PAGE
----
The two Hezbollah operatives — both naturalized U.S. citizens — underwent military training in Lebanon and procured explosives, night-vision goggles, and drone technology. El Debek reportedly scoped out potential targets, including New York’s John F. Kennedy (JFK) and La Guardia International Airports, and the U.S. Armed Forces Career Center in Queens, New York. As the terror analyst Matthew Levitt detailed in a June 14, 2019 Foreign Policy article, before he was convicted, Kourani’s trial showed that Iranian sleeper cells were far more active in the U.S. than previously thought. Yet this revelation, and the trial itself, received little press attention.
In 2007, Iranian proxies planned to blow up the fuel tanks at JFK International Airport, but were thwarted by authorities. In another foiled plot, Iranian-backed operatives planned to blow up a Washington, D.C. restaurant in 2011 in order to murder a Saudi dignitary. Yet these facts were conveniently ignored in numerous reports on the potential fallout from Soleimani’s death.
Iran itself has openly broadcast its ambitions, holding rallies and marches calling for death to both “the Great Satan” (the U.S.) and “the little Satan” (Israel). In 2017, an Iranian filmmaker released a 90-minute movie depicting the destruction of U.S. Naval forces by Tehran. In the film, a character that closely resembles Soleimani leads a single vessel against more than a dozen American warships. When a U.S. commander orders him to surrender or die, he replies: “General, I am not a diplomat, I am a revolutionary!”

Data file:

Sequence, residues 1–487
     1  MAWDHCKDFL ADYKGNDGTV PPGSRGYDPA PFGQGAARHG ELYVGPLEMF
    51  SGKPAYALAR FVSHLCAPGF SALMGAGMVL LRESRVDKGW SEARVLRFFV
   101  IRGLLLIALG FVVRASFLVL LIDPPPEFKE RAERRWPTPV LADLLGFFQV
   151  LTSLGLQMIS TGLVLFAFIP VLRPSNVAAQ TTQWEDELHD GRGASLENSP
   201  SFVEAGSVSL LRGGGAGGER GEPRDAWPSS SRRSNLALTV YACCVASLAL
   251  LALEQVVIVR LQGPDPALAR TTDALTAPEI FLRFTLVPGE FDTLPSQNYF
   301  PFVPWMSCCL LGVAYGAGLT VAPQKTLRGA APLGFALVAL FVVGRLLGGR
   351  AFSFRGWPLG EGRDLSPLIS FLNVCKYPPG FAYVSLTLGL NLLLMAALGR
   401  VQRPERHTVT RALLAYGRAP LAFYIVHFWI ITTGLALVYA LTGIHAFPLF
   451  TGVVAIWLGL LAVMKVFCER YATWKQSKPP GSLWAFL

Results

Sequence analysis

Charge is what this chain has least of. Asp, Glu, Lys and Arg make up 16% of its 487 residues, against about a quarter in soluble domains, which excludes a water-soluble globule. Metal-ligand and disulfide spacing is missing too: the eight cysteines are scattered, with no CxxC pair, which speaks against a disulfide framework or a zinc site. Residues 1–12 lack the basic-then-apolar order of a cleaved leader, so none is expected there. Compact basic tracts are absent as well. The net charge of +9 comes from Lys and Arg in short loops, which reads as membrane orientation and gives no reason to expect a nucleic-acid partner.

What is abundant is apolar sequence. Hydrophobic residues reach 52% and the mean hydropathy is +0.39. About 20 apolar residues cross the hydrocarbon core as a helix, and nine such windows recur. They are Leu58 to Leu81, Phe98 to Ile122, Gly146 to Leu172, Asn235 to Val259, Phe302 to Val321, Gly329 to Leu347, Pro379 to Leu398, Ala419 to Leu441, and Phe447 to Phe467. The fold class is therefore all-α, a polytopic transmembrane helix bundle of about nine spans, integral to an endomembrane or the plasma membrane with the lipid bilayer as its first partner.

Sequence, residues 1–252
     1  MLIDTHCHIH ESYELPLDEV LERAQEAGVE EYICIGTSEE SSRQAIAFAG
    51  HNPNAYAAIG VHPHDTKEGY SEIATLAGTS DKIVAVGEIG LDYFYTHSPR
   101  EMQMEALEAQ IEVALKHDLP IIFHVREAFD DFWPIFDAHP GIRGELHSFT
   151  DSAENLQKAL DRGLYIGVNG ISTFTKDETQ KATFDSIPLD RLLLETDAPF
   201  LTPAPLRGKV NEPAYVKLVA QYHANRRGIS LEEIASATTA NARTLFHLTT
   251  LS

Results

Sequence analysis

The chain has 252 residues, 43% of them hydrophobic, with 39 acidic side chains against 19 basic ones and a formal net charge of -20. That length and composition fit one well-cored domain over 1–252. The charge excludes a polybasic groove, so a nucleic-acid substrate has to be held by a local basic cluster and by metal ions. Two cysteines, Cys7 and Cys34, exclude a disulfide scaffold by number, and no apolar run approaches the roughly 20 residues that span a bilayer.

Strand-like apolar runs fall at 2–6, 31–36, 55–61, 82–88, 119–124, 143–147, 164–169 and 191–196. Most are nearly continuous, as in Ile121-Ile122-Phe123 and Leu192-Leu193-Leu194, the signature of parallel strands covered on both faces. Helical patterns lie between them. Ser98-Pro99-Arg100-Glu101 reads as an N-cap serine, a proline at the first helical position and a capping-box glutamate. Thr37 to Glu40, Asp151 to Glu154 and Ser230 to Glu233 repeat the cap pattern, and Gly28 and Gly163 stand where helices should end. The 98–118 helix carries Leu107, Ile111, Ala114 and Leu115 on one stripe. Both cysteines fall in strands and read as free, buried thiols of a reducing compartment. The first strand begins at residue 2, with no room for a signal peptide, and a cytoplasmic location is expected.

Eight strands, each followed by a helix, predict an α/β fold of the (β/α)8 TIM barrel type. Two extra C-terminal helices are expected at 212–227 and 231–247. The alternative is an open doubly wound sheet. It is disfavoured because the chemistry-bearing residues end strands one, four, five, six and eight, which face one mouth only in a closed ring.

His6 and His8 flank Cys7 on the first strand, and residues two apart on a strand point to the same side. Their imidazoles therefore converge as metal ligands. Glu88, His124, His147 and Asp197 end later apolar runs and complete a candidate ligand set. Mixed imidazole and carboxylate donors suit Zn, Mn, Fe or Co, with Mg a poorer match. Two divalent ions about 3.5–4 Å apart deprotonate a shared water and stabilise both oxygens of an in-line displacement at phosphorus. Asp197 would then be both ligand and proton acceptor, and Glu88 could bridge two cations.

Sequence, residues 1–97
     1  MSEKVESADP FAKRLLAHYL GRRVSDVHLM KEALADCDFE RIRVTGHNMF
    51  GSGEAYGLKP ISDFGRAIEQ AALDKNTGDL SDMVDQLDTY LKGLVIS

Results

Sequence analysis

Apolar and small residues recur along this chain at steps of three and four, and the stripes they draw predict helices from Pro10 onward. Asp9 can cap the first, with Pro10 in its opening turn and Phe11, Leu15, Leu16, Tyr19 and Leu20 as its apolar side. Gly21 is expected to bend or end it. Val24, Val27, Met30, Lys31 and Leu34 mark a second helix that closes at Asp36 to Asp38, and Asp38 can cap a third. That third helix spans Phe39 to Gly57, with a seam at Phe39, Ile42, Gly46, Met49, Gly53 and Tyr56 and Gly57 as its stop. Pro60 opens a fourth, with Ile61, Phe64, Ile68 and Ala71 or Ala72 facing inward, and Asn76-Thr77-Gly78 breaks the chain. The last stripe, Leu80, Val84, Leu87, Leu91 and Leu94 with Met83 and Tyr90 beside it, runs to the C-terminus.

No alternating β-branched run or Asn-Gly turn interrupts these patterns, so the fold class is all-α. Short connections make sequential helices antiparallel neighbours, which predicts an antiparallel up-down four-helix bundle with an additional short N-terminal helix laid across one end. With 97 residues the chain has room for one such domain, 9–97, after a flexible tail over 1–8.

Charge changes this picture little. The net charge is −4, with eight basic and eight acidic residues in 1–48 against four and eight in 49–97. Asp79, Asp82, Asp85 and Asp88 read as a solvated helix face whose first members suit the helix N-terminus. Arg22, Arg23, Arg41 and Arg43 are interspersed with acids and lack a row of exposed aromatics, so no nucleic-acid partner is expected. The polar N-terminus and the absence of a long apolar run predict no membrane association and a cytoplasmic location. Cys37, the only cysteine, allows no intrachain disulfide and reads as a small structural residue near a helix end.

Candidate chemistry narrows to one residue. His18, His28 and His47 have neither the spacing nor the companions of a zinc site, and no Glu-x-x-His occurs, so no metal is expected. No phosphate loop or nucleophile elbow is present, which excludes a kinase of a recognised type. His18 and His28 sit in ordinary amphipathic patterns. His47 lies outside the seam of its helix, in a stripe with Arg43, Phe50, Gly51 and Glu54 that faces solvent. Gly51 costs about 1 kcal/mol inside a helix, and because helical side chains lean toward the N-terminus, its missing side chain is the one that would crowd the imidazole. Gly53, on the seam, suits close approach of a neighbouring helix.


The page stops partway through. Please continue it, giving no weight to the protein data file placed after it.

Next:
But Iran’s threats are no mere fantasy. And the threat posed by the Islamic Republic warrants honest and complete media coverage.
The writer is a Senior Research Analyst for the Washington D.C. office of CAMERA, the 65,000-member, Boston-based Committee for Accuracy in Middle East Reporting in America.